The aid economy of the underprivileged is the smaller half of the overall aid economy. The biggest piece of the aid economy is in the hands of the aid organizations that profit from an unsolvable problem that, all their fundraising brochures to the contrary, they have no interest in solving because it would remove their reason for existing. Africa's misery is their wealth. The worse Africa becomes, the more incentive the easily empathetic and the guilty of the West will have to pour money into their latest cause to buy everyone in Africa a goat, a laptop or a sandwich.

It's the old Soviet problem. The producers have no interest in producing anything. The aid recipients, distributors and providers have achieved a dysfunctional equilibrium. The system is broken, but everyone has learned their roles within the broken system. If the system changes, they will all have to get jobs. It was that inertia which kept the USSR going long after its leaders stopped caring about the ravings of Marx, Lenin and Stalin. It took the energy of a younger generation that had yet to become invested in the system to topple it and it is the older generation that is most likely to march with portraits of Communist leaders and kiss them for the cameras.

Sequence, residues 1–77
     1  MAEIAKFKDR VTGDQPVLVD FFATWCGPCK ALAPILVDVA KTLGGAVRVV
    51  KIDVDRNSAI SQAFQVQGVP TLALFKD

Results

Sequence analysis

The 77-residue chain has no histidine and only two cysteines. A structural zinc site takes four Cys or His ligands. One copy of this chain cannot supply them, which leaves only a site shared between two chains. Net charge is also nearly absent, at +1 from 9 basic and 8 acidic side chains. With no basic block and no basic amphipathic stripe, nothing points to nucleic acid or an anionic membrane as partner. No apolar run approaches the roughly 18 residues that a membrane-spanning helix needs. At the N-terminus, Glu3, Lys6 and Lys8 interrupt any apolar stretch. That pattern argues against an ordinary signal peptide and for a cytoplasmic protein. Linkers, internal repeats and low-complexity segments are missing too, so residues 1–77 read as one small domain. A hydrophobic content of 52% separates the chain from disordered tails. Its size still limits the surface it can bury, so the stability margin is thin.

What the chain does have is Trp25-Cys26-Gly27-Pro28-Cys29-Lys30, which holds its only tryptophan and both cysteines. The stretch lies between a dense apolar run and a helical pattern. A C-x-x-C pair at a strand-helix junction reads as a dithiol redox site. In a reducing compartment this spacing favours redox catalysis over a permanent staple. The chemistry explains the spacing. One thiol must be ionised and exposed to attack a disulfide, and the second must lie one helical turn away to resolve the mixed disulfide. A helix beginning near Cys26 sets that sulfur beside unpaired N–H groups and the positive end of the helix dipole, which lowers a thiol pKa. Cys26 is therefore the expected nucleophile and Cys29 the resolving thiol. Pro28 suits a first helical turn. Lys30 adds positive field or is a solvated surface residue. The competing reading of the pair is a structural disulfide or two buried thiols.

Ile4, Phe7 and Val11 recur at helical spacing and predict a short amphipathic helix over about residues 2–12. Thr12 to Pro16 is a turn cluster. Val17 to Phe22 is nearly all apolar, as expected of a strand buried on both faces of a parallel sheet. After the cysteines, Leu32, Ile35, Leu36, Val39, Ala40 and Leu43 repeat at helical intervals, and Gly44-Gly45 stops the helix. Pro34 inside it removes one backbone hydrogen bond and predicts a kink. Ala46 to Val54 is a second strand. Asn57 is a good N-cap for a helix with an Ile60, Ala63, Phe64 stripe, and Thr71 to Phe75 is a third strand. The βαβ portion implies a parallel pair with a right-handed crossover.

You can buy a homeless man a sandwich, but you can't buy them all sandwiches because once you do that, you are no longer engaging in a personal interaction, but building an organization and the organization perpetuates itself. You don't need a homeless man to exist so that you can buy him a sandwich, but once an agency exists that is tasked with buying homeless men sandwiches, it needs the homeless men to exist as 'clients' so that it can buy them sandwiches and buy itself steak dinners.